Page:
Jamaica (pronounced huh-my-kuh) means "hibiscus,"
However it is written on the menu, I order it. Hot. Cold. Frozen. You can order it by the pitcher at Pizza Hut and Pollo Campero. At fancy restaurants it is served in big goblets, and with its deep red color you might mistake it for a glass of robust burgundy.
You can buy jamaica at the Super - crushed in tea bags or as whole dried flowers in big plastic bags. You can often find the dried flowers in small markets and artisan shops. I almost always have a pitcher of it in my fridge.
Nutritionally speaking, hibiscus tea contains important vitamins and minerals (A, B1, C, E and iron). Salvadoran grandmothers will tell you it is good for your kidneys, digestion, your liver and helps to lower your blood pressure. These are important health benefits, but I drink it because I like it. I recently added a new twist to my hibiscus tea after I made boiled plantains. I think my grandma would be very proud of me for this excellent use of resources. In the US, Rosa or Flor de Jamaica is available at markets that feature foods from Latina cultures. Many supermarkets also carry the flowers or tea bags.
Boiled Plantains with Cinnamon
Fill a pot with water, enough so your plantains, once cut, can swim around freely.
Add one large or two small sticks of cinnamon.
Bring water to a boil.
Peel and cut 1-3 large plantains cross-ways into chunks about 1 1/2" long.
Drop the plantain chunks into the water. Boil until very tender, but not so long that they lose their shape.
Scoop the plantains out of the water, and enjoy eating them! Sprinkle a touch of brown sugar or raw sugar over them if they are not sweet enough for your taste.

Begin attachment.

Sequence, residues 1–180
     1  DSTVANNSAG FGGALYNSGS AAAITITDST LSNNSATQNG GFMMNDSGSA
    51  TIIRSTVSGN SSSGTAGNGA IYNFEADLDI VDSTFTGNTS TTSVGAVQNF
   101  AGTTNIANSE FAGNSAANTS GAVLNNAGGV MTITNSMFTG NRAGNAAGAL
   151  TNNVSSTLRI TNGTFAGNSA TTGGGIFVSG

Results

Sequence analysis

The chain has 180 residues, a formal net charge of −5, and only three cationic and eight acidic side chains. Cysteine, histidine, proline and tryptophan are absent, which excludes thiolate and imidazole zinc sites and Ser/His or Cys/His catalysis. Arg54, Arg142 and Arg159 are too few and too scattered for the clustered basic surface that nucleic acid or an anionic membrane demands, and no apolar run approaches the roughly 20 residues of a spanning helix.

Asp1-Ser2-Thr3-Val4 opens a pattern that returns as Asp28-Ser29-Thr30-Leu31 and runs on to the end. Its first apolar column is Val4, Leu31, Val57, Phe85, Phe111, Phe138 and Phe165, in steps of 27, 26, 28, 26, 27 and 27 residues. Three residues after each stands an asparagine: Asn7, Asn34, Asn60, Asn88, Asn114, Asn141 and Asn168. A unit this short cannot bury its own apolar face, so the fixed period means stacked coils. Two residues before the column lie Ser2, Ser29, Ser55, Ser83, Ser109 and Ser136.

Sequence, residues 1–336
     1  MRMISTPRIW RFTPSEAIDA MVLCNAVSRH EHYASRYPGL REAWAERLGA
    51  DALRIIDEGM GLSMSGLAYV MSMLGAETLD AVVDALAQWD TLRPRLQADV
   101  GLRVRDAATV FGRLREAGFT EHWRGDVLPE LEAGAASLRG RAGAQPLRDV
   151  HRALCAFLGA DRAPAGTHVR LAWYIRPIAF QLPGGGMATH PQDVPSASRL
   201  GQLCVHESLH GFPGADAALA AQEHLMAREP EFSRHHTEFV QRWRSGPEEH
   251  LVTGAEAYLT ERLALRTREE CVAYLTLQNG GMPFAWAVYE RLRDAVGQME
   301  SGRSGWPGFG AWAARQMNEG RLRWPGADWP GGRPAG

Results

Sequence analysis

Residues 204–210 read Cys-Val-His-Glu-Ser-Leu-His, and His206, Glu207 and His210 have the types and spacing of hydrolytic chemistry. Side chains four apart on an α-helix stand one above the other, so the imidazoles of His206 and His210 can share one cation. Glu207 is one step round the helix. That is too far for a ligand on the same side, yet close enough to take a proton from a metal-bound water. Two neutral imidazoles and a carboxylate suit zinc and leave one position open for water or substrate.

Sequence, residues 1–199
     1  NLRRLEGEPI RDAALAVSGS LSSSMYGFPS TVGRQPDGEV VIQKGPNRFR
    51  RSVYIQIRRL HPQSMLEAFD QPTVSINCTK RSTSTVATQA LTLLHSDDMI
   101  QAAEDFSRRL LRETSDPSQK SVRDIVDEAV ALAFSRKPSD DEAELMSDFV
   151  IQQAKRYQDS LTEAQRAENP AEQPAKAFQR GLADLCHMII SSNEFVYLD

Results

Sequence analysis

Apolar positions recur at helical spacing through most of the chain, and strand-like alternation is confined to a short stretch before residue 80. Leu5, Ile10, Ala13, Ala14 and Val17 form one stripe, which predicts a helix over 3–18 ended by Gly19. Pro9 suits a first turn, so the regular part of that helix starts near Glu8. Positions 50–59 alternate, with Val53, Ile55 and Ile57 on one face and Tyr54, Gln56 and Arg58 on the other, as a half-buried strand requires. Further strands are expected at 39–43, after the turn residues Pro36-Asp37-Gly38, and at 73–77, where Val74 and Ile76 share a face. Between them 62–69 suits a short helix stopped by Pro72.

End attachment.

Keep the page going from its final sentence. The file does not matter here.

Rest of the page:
Save the water, and let it cool.
Place about 1 cup (2 handfuls) rosas de jamaica (hibiscus roses/hibiscus flowers) in a glass jar that has a tight-fitting lid (1.5 liters) Add a few extra if your jar is bigger.
(To make this with tea bags, toss about 8-10 tea bags into the jar, depending on the size.)
Pour the cooled plantain liquid with cinnamon into the jar.
Add water until the jar is full. Put on the lid.
Set the jar out in a sunny spot. (I put mine out in the morning before I head out for the day, and take it in at night when I get back. A couple of hours in the sun should be sufficient - in El Salvador, anyway.)
You can strain the tea, but I find it easier just to dump the tea, flowers and cinnamon all into a plastic pitcher that has a lid with a little strainer, and just pop the whole thing into the fridge.
Chill. The tea keeps fine for a week, probably longer, but I always drink it up in a few days. If the tea is too strong add a little ice or cold water.